What Is a Volcano
The term, ‘Volcano’ is derived from’ Vulcan’, the ‘God of fire’, as per Roman mythology. Volcano refers to an opening in the earth’s surface through which molten material at very high temperature oozes out at high pressure. Volcanoes are classified into different categories based on their shape and the frequency of their eruption. Volcanoes are mainly the results of interaction between the tectonic plates and are formed at the convergent or divergent boundaries. On the other hand, hotspots are the kind of volcanoes that are formed by the ‘mantle plumes’ which rise above the core-mantle boundary. It would be worth noting here that most volcanoes that erupt far from the plate boundaries are explained as hotspots.
Depending on the shape of the volcano, the two main types of volcanoes are the shield volcanoes and the stratovolcanoes. The stratovolcanoes are the most common form of volcanoes and they are conical in shape. Main parts of this volcano are magma chamber, conduit, vent and crater. The stratovolcanoes or the composite volcanoes are the most dangerous forms of volcano as they spit out large amounts of lava, ash and cinder that can jeopardize the life of people in neighboring areas. Owing to the great height of these volcanoes and the high inclination of their slopes, the lava formed, flows down and poses a great threat to population in the vicinity. Shield volcanoes on the other hand have low viscous lava that does not explode with high pressure and the volcano derives its name from the shape of it’s that resembles a shield. These kinds of volcanoes are more common in areas near the coast.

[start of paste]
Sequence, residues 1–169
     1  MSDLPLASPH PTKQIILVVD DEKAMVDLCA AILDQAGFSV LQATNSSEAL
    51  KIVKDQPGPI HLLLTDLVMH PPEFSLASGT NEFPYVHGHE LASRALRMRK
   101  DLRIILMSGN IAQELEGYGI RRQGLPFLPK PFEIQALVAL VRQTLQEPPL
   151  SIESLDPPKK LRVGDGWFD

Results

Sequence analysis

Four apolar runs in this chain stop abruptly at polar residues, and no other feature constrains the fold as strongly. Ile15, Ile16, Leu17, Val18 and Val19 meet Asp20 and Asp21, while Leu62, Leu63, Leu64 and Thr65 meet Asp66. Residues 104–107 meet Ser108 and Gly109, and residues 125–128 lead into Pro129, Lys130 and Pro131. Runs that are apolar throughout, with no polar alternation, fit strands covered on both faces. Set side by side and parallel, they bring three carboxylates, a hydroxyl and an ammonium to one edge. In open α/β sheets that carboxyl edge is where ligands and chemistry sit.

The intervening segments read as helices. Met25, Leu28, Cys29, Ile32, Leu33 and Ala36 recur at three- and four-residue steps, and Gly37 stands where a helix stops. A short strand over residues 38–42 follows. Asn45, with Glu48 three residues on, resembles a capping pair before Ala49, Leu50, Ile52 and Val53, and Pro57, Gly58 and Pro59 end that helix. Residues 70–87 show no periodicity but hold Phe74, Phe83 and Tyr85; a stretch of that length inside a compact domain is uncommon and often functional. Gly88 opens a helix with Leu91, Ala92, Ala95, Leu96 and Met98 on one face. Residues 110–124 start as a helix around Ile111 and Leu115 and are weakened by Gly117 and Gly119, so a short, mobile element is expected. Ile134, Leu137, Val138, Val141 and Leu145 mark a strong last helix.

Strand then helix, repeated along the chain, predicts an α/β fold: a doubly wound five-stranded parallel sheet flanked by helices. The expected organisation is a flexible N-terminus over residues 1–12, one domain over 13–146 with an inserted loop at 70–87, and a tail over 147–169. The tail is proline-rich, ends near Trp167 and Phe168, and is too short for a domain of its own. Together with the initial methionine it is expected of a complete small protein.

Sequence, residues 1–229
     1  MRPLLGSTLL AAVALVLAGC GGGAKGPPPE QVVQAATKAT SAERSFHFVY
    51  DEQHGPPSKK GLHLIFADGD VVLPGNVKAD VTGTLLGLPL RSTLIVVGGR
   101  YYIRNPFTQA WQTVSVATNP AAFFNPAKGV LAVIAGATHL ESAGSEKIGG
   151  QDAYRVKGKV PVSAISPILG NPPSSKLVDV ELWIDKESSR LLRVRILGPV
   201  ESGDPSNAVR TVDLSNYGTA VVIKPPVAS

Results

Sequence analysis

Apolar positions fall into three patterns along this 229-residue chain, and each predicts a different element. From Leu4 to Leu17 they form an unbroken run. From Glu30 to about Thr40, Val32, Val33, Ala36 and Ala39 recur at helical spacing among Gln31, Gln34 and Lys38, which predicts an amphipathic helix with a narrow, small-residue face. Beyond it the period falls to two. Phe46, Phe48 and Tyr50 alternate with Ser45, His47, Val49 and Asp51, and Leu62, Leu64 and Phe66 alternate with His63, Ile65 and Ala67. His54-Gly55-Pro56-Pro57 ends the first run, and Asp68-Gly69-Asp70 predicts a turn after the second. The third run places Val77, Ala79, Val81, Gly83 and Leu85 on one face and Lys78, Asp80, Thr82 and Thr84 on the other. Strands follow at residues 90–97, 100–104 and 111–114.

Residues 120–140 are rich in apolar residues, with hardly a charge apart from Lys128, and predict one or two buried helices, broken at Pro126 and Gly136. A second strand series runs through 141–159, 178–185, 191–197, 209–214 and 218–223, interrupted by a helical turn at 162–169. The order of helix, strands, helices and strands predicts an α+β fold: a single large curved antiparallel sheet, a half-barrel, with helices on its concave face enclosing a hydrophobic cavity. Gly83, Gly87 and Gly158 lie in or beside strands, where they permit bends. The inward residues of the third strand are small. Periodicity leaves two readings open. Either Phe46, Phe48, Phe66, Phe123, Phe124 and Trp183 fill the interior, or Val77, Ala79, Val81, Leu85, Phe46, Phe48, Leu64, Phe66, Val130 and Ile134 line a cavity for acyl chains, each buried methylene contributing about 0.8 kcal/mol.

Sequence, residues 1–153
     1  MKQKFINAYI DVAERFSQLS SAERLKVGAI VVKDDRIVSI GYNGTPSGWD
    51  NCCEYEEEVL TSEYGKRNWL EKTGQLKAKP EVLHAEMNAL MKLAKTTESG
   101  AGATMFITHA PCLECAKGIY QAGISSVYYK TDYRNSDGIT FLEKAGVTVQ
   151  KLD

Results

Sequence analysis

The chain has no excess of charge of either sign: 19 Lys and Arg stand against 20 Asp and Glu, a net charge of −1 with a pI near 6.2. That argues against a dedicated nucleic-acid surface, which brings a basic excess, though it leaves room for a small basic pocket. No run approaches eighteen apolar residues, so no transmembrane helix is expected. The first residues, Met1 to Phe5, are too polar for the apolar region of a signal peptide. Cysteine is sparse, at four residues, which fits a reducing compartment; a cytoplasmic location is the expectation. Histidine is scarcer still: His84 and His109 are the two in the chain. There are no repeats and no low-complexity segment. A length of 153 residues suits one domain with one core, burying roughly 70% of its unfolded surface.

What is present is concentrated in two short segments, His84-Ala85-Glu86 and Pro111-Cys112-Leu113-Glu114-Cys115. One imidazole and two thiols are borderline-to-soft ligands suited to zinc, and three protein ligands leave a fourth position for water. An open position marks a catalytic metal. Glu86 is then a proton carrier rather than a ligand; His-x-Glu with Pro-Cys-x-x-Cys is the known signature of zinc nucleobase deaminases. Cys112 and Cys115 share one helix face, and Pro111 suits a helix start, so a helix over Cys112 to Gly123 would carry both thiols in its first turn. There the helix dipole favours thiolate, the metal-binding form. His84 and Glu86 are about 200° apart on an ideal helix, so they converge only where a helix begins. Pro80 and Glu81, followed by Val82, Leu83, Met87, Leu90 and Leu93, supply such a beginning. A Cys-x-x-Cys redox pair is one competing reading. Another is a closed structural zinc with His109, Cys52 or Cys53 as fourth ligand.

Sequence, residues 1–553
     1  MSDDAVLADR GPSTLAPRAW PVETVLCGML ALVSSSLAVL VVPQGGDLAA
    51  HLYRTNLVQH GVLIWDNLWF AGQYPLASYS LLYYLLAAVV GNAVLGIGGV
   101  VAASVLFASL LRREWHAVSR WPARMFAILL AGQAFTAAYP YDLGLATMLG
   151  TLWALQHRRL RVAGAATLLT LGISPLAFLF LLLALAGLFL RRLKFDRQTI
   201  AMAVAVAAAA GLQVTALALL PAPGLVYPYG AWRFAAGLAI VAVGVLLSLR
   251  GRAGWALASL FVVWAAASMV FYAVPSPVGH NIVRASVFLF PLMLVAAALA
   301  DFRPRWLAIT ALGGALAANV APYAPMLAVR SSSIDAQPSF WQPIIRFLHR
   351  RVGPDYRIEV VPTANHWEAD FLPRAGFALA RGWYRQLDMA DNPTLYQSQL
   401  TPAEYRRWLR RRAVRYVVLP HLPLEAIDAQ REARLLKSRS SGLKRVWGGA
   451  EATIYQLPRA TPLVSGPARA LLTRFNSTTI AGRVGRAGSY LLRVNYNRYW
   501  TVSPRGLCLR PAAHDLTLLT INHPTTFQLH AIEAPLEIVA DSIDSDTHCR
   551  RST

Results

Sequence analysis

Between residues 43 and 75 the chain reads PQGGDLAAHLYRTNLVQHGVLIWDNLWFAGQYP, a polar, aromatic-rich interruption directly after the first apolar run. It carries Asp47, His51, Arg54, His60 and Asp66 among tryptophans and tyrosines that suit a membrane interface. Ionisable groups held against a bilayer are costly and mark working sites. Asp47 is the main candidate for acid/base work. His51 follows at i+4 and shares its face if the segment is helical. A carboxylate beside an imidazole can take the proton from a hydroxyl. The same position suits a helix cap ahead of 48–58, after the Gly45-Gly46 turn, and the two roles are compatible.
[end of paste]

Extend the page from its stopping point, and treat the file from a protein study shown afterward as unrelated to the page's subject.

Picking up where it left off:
Based on the frequency of volcanic eruption, the volcanoes can be classified under three heads, namely, active volcanoes, extinct and dormant volcanoes. As the name suggests, active volcanoes are the ones that erupt very frequently and show signs of possible eruptions in the near future. The extinct volcanoes are the ones that have erupted in the past but have remained inactive for a very long period of time, thereby, completely nullifying the chances of them erupting ever again. The volcanoes that have remained silent for long periods of time; but have supply of molten material and lie in the seismic regions are termed as dormant volcanoes. It is to be noted here that such classification is not easy to be done as the lifespan of a volcano cannot be predicted with precision.
A volcanic eruption can lead to catastrophes owing to the molten magma that burns down everything on its way. The ash and the poisonous gases from volcanoes tend to disrupt the weather in the region and pose various health hazards in the neighboring regions.